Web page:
Practice Note No. 117
REPEALED - Corporations List
PRACTICE NOTE No 117
CORPORATIONS LIST PRACTICE NOTE
The purpose of this practice note is to explain the operations of the Corporations List.
Proceedings and interlocutory applications that arise out of the Corporations Law or seek relief under that legislation (‘Corporations Law matters’) are usually dealt with in the Corporations List. Matters relating to other incorporated bodies such as co-operatives and incorporated associations may also be dealt with in this List.
Corporations Law matters to be dealt with by a judge may be made returnable before the Corporations List judge on any Monday during term. At the present time the judicial work of the Corporations List is shared principally by the judge in charge of the List along with a second judge designated for that purpose. They are assisted where necessary by the Equity Division judge assigned to the Probate List (also a Monday list) with further access to other judges in the Equity Division if need be.
A party who seeks an abridgment of service for originating or interlocutory process in a Corporations Law matter may approach the Corporations List judge directly on a Monday during court hours, without notice. The Equity Division duty judge is able to deal with Corporations Law matters at times between Mondays, with facility to place the matter for further direction in the Monday list.
The parties should expect that if a matter has been placed in the Corporations List for a particular Monday, the hearing will ordinarily proceed on the appointed day. They should prepare accordingly. Where this would assist the Corporations List judge, brief skeleton submissions should be sent in advance if practicable. Commercial circumstances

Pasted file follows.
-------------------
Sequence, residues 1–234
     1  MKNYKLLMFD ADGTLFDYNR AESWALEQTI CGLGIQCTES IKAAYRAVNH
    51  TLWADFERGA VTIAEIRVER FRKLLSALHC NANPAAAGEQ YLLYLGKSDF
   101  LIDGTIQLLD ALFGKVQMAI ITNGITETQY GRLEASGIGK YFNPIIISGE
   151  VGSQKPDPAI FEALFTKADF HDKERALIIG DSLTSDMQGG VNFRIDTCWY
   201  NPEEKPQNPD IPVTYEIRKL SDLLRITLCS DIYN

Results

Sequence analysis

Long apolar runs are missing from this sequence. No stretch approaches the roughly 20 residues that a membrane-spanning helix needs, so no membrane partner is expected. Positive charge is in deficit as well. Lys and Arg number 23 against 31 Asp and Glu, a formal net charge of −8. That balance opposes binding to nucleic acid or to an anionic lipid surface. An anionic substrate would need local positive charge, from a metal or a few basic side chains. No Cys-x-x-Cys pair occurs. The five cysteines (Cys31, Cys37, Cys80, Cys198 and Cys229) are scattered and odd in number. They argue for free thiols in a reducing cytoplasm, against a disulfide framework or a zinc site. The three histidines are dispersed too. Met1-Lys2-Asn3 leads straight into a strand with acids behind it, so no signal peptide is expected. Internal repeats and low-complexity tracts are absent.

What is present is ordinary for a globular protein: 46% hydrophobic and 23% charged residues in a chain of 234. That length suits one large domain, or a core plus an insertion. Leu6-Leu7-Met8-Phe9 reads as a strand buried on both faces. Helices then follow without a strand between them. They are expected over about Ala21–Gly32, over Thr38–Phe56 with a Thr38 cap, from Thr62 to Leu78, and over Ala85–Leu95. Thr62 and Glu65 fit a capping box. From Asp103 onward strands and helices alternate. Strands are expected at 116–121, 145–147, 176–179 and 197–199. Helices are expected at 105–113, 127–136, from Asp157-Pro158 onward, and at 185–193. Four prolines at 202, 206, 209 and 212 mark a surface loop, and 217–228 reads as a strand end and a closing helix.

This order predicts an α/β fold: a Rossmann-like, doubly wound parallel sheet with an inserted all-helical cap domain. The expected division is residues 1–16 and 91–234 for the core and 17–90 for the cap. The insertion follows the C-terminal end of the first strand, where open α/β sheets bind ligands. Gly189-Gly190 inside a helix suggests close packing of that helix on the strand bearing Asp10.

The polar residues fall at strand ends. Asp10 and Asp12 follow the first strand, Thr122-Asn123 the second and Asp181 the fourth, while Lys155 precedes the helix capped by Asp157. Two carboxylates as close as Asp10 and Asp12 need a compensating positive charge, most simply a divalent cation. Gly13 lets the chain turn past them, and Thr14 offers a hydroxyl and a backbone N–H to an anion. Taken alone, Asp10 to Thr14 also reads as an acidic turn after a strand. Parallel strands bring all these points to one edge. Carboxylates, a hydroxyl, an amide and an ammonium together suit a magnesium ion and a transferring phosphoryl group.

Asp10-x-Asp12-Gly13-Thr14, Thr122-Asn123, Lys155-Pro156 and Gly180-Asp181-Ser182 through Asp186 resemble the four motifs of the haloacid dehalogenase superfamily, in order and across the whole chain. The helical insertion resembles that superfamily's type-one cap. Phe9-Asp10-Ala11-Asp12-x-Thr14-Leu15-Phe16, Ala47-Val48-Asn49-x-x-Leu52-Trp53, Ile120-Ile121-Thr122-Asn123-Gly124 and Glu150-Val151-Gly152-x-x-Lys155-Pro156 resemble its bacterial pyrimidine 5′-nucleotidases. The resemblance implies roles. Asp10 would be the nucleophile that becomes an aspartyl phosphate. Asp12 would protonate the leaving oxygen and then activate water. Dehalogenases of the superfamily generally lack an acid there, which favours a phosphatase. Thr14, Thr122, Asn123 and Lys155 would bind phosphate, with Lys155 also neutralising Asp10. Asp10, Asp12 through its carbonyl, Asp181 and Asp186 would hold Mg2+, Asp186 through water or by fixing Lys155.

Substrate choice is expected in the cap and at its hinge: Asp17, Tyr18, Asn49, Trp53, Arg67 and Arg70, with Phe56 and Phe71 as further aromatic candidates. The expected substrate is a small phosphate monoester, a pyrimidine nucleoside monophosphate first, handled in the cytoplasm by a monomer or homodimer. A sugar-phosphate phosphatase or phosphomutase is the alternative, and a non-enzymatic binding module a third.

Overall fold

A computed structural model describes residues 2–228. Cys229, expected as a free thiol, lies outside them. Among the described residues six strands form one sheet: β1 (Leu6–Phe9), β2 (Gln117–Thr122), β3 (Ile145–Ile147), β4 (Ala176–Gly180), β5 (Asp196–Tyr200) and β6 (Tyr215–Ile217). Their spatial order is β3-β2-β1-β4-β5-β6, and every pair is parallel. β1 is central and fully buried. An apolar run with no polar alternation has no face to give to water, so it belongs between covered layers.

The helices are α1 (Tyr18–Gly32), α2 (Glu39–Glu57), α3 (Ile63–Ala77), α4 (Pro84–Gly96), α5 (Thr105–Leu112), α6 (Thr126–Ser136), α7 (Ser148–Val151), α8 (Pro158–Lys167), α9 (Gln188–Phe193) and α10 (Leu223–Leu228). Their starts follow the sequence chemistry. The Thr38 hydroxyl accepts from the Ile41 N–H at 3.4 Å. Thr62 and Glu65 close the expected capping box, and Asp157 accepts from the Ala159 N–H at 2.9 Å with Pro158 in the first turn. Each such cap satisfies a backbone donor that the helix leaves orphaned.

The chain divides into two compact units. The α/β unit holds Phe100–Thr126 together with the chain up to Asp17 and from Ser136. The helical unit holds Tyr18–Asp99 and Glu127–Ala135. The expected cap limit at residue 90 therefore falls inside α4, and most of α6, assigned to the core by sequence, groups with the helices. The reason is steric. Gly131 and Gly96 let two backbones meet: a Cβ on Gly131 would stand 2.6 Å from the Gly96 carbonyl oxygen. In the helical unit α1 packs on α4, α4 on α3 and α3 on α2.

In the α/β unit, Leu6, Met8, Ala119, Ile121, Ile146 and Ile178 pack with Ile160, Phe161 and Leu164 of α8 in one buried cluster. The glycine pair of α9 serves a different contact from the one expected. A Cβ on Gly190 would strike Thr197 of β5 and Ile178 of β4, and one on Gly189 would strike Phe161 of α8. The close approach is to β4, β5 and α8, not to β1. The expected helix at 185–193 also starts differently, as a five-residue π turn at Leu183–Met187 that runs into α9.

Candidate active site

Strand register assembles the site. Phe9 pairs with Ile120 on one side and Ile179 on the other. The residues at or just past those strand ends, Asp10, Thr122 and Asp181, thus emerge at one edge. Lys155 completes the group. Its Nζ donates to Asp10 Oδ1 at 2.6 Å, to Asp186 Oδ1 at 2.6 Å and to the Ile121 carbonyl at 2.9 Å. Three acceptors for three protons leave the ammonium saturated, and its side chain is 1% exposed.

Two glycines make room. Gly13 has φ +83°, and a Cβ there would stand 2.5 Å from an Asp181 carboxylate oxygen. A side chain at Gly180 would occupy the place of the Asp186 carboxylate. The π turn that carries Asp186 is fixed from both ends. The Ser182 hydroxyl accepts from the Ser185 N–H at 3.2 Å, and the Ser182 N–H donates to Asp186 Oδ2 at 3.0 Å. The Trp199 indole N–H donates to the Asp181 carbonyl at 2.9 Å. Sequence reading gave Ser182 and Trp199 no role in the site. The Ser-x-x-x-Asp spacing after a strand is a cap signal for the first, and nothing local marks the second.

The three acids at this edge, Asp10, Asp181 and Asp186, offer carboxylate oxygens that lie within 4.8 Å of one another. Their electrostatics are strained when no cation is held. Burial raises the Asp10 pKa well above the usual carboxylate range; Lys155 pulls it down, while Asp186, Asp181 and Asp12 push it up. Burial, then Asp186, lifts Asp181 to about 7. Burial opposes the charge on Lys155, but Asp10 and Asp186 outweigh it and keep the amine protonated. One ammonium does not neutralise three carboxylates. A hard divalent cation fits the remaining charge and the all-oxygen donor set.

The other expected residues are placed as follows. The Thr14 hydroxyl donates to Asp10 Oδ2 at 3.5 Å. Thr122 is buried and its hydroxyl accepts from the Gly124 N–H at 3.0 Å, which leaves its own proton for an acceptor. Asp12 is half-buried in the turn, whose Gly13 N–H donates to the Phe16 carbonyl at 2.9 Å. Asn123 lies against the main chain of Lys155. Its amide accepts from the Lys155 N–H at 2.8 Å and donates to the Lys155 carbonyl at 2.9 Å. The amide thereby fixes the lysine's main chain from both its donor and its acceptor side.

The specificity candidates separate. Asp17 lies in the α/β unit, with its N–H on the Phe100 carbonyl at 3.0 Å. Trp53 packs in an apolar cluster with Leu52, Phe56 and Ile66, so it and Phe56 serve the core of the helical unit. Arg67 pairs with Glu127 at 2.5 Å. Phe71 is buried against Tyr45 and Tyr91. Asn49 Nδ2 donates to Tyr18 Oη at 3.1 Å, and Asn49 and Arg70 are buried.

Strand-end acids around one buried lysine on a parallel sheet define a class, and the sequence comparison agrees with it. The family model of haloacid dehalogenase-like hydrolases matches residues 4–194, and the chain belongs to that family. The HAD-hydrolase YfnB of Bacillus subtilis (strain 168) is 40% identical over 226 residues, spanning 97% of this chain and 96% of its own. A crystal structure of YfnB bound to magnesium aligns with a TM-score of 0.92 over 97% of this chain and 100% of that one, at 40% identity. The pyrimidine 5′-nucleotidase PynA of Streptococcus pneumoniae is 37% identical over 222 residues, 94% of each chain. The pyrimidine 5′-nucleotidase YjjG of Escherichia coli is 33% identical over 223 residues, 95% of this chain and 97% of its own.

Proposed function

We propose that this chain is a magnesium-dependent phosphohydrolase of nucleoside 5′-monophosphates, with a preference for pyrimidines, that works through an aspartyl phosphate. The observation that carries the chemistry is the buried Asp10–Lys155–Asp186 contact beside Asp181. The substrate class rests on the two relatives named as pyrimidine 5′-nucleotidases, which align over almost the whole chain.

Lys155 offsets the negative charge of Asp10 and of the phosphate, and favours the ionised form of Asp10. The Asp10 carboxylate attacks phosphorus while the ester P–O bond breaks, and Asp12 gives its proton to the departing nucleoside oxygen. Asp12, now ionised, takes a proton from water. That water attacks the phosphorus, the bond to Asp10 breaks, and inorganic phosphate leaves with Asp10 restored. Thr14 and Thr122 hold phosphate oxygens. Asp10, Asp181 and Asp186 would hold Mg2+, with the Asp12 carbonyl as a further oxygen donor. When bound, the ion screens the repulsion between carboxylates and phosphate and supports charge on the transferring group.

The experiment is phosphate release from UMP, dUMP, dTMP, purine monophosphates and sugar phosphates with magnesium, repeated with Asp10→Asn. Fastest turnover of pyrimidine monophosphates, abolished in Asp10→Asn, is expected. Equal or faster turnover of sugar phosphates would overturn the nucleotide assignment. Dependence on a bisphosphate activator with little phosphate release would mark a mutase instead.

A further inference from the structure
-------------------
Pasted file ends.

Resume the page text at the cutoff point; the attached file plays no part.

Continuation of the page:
normally demand that Corporations Law matters be heard and resolved swiftly. While the demands of the List cannot be fully anticipated, experience shows that short Corporations Law matters (of up to two hours hearing time) can usually be dealt with on the appointed day.
Longer Corporations Law matters are ‘managed’ within the Corporations List in preparation for hearing. Depending on the subject matter and the degree of urgency involved, and the availability of judges, the matter may be set down before one of the usual Corporations List judges for hearing or before another judge of the Equity Division. Otherwise the matter may be allocated as appropriate to the Expedition List, the Duty List, the Short Matters List or the General List, drawing on the expertise of the whole Equity Division including judges from the Commercial List. The Court has video conferencing facilities for Corporations Law matters involving interstate or overseas elements.
Routine insolvency proceedings and applications are dealt with by the Registrar. Examinations under Part 5.9 of the Corporations Law are heard before a Deputy Registrar. Available dates are posted on the Supreme Court website (www.lawlink.nsw.gov.au/sc).
Applications are listed before the Registrar each day, except Wednesday, at 11a.m. in the Registrar’s Corporations List. Orders sought include the winding up of corporations, the appointment of a receiver or provisional liquidator, the release of liquidator and dissolution of a corporation, and the determination of a liquidator’s remuneration. Final orders for winding up a corporation, setting aside a winding up order or reinstating a corporation are prepared by the Registry and are sent out in the DX later on the day of hearing.
At the commencement of the list the Registrar deals with referrals to the Corporations List judge, the duty judge or a Master. The Registrar may refer matters to the Corporations List judge for case management. Matters are referred by the Registrar to the Corporations List judge each Monday and on other days, except Wednesday, to the duty judge.
Certain short matters (such as applications to set aside statutory demands, where any cross-examination is generally curtailed) are usually referred to a Master. Referrals to the Master take place each day except Wednesday. The Master endeavours to determine the referrals on the day of referral. However, if the matter is estimated to take more than two days it is specially fixed for the earliest available date. Depending on the
Master’s workload, matters may be referred to the Corporations List judge on the following Monday.
The powers of the Master and the Registrar are to be found in Schedules D and E respectively to the Supreme Court Rules.
8 February 2001 Chief Justice
This Practice Note is available on the Supreme Court’s website: www.lawlink.nsw.gov.au/sc